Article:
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Housewife Pulls Plot From Daily Chaos

November 05, 1987|STEVE CHAWKINS | Times Staff Writer

"This middle-aged housewife fights a never-ending battle against dirt, grime and waxy yellow build up in Westlake Village, Calif. Her Herculean efforts are not helped by three messy sons, dozens of neighborhood kids, animals and the mud pit in the front yard that was going to be the Jacuzzi. Mary dreams of the day that she can prove to her long-suffering husband that she can keep the place spic and span."

If that sounds to you like a publicity blurb for an old sitcom, you're only partly right.

It's a publicity blurb for a new sitcom, and the heroine is beleaguered Westlake Village homemaker Mary Jacobs, who seems to attract chaos much as Lucy Ricardo and Mary Hartman did in TV generations past.

The difference is that 38-year-old Mary Jacobs is real--one of five winners in a cable-television network's nationwide contest to choose likely subjects for development into a full-fledged comedy series.

Jacobs was chosen out of hundreds of applicants who sent letters and videotapes in response to the "Nick at Nite Do It Yourself Sitcom Contest," a competition sponsored by Nickelodeon, a cable channel that reaches about 30 million homes.

Nickelodeon crews taped a 10-minute episode at Jacobs' home this week. It will be broadcast, along with episodes revolving around the four other winners, later this fall. Viewers will phone in their choices for the best episode, which will be considered for series status, network officials said.

"She sent us this incredible letter," said producer Dave Potorti. "It was a collage of pictures of her kids and the neighbor kids, and it was on this fluorescent paper. She impressed us with her skills at using scissors and paste, as well as her writing skills."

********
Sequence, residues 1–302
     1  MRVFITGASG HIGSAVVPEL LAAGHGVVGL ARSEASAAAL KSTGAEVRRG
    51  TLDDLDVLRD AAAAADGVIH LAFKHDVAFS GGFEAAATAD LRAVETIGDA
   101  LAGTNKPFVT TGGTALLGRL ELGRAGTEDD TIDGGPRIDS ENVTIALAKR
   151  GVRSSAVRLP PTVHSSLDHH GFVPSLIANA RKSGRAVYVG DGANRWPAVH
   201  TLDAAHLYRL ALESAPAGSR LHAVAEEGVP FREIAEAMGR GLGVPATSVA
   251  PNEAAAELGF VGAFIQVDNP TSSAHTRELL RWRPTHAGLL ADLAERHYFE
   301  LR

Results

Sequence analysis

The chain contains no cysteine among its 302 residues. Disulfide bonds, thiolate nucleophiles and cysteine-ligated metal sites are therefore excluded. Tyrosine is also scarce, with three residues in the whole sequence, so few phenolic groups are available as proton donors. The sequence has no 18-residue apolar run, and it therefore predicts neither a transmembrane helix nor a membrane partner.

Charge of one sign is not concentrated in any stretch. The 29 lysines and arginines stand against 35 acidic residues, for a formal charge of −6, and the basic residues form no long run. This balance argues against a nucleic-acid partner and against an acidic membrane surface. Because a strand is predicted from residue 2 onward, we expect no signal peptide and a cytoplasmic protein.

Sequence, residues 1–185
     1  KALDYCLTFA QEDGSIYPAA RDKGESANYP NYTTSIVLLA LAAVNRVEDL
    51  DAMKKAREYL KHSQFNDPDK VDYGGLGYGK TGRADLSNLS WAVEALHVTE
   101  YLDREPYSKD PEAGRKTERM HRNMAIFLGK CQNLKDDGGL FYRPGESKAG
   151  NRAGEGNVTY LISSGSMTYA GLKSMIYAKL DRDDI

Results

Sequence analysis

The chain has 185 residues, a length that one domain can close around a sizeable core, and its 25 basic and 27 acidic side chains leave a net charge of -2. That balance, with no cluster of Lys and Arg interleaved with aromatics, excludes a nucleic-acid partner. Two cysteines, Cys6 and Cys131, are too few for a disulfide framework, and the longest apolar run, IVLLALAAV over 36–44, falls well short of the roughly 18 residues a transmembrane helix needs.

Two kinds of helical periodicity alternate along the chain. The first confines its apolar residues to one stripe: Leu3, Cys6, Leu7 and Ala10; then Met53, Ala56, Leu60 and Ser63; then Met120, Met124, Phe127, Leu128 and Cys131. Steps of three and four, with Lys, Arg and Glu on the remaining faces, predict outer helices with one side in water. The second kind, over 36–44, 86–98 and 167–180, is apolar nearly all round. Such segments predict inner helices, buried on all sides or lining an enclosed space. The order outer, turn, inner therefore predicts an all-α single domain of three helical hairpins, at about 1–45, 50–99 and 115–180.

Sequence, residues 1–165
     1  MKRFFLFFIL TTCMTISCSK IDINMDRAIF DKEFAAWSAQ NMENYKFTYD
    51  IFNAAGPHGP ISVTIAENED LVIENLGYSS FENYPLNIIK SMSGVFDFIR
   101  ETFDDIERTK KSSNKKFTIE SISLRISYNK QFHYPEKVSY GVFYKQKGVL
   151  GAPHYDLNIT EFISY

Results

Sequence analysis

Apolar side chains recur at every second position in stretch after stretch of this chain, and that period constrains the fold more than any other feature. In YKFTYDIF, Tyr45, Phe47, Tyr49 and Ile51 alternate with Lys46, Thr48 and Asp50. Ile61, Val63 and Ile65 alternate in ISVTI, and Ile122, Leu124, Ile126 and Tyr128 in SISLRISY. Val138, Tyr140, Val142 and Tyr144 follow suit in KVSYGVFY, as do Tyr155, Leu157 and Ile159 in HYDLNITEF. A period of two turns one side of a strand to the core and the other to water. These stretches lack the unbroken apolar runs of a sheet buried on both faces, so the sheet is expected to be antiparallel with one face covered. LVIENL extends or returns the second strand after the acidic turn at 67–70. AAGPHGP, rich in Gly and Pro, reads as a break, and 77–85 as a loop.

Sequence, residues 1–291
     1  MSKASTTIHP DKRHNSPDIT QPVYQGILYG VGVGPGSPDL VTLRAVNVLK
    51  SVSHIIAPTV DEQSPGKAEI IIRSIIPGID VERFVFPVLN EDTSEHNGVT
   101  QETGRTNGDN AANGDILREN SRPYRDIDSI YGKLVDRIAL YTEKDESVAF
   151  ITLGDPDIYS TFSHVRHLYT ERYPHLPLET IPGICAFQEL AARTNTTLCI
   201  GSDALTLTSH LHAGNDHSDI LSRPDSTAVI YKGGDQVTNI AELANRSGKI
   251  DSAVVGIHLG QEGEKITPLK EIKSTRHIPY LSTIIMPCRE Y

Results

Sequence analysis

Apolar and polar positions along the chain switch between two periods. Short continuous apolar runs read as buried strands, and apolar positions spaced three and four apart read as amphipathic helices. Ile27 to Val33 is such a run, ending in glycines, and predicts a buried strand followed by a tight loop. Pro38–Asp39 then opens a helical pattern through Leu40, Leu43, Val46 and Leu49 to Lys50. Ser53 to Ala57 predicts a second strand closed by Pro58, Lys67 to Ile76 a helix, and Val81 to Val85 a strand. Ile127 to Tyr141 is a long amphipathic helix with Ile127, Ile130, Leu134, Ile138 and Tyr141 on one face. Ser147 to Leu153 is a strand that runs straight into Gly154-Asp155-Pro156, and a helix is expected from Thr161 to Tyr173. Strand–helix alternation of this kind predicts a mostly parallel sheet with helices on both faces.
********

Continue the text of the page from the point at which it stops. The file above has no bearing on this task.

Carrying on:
A videotape clinched the deal. "Her house is truly the messiest place I've ever seen," Potorti said. "It just floored us."

But Jacobs, an aspiring writer, claims only a small measure of domestic genius. Hers is the only home in her posh, gated subdivision to boast a two-foot deep mudhole--"our Jacuzzi," she says--in the front yard. An old door serves as a slide down the stairs, a tent is sometimes set up in the living room, and the kids get to take felt-tip pens to their bedroom walls.

Her impressionistic housekeeping standards are outlined in an unpublished book of advice to housewives, which originally was titled "Autobiography of a Nobody," but later changed to "How to Keep Your Mind From Turning to Oatmeal."

Among the volume's recipes are "complete failure cookies"--chunks of salami on toothpicks. "Then there are my 'incomplete failure' cookies," says Jacobs, who claims she once was fired from a teaching job for telling too many jokes. "You make incomplete failure cookies by cutting up raw cookie dough. They're incomplete, see?"

After seven publishers rejected her book, Jacobs resigned herself to a life of TV-gazing, "just like I was supposed to do," but was sparked out of lethargy by the sitcom opportunity.

"My life is like the Beverly Hillbillies," she says. "We live in this fancy neighborhood, but my car is filled with old junk food. My husband is vice president of a high-tech company in the Valley, and he's always bringing people from all over the world home to dinner to see how America really lives."

TV Became Reality

That, Potorti said, is the whole idea. "TV shows back in the '50s like 'I Love Lucy' were based on real life," he said. "In the intervening years, things got turned around, and people started to look at TV as reality, and felt their lives weren't real unless they were wearing the same clothes as the people on 'Dynasty' or whatever."

But real people aren't always funny, he acknowledged. Among those turned down in the sitcom contest were a New Jersey man with a pet rat he would carry on his head, a Connecticut man who placed a microphone in his cat's litter box and a military couple who would salute each other at home.

Jacobs presumably keeps more laughable company with the winners--the principals of a Cleveland ad-jingle agency, a British trucker transplanted to Tennessee, a Florida couple living with the wife's long-divorced parents and a Louisiana family with odd hobbies.

"Some of them sound so bizarre," she said. "I've never really looked at myself as all that unusual."

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